U.S. Department of Energy

    Energy Department Invests $12 Million to Speed Solar Deployments

    November 13, 2013

    The Energy Department on November 6 announced eight teams to spur solar power deployment by cutting red tape for residential and small commercial rooftop solar systems. As part of the Department's Rooftop Solar Challenge, these teams will receive about $12 million—matched by more than $4 million in outside funding—to streamline and standardize solar permitting, zoning, metering, and connection processes for communities across the country.

    The Energy Department’s Rooftop Solar Challenge is a part of a larger effort to make solar energy more accessible and affordable and position the United States as a leader in the rapidly-growing global solar market. Non-hardware, or "soft," costs like permitting, installation, design and maintenance now account for more than 60% of the total cost of installed rooftop photovoltaic (PV) systems in the United States. Across the nation, there are more than 18,000 local jurisdictions with their own PV permitting requirements as well as more than 5,000 utilities that set rules for connecting to the power grid.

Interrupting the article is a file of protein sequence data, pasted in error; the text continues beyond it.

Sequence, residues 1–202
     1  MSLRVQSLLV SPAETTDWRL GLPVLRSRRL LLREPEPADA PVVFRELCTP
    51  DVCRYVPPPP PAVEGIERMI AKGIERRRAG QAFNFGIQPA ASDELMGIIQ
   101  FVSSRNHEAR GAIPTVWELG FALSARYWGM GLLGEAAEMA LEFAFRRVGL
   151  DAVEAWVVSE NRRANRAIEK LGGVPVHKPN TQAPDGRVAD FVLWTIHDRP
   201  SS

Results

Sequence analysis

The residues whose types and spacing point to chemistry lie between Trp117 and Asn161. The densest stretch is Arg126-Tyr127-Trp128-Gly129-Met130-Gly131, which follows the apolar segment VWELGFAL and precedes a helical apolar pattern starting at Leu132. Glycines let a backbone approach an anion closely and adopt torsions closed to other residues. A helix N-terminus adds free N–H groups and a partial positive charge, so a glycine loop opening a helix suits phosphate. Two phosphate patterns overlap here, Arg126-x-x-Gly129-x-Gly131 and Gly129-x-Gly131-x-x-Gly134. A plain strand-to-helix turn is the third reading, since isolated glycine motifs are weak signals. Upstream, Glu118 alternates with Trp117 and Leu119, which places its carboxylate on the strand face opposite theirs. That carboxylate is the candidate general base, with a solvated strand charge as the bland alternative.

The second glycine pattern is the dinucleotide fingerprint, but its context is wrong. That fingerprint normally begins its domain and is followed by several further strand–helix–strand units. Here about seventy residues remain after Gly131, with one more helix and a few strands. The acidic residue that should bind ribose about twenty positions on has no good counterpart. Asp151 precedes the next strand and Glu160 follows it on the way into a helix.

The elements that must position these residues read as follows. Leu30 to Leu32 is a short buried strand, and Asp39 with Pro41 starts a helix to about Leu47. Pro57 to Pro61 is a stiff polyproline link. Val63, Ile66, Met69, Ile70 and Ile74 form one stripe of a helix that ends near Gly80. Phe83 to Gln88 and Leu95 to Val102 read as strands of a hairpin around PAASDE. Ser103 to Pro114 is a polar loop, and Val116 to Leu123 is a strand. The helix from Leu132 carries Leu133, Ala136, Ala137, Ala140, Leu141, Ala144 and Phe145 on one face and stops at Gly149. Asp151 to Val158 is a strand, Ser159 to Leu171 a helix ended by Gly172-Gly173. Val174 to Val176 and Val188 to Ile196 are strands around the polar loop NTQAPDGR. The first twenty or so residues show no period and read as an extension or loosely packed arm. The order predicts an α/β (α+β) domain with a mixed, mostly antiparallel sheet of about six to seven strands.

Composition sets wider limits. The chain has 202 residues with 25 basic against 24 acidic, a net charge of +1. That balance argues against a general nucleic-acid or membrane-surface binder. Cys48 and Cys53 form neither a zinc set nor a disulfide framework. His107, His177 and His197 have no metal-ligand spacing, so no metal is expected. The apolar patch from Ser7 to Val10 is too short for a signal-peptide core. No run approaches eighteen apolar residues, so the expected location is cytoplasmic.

The Rooftop Solar Challenge, managed by the Energy Department's SunShot Initiative, brings together city, county, and state officials; regulatory entities; private industry; universities; local utilities; and other regional stakeholders to address differing and expensive processes required to install and finance residential and small business solar systems. During the Challenge’s first round, 22 regional teams worked to dramatically reduce the soft costs of solar—serving as models for other communities across the country. These efforts helped cut permitting time by 40% and reduce fees by more than 10%—making it faster and easier for more than 47 million Americans to install solar.

    Building on the Challenge’s first round, the eight announced teams will help further expand the reach of innovative strategies that are making it easier, faster, and cheaper for more homeowners and businesses to finance and install solar systems. These awardees will develop and replicate creative solutions that help standardize complicated permitting and interconnection processes that often vary from jurisdiction to jurisdiction; facilitate easy, cheaper bulk purchasing; and support user-friendly, fast online applications. For example, The New England Solar Cost-Reduction Partnership will build a thriving regional solar market by increasing coordination across Connecticut, Massachusetts, New Hampshire, Rhode Island, and Vermont and refining and deploying innovations developed in Connecticut and Massachusetts during Rooftop Solar Challenge I. See the Energy Department press release and the full list of the eight teams and their projects.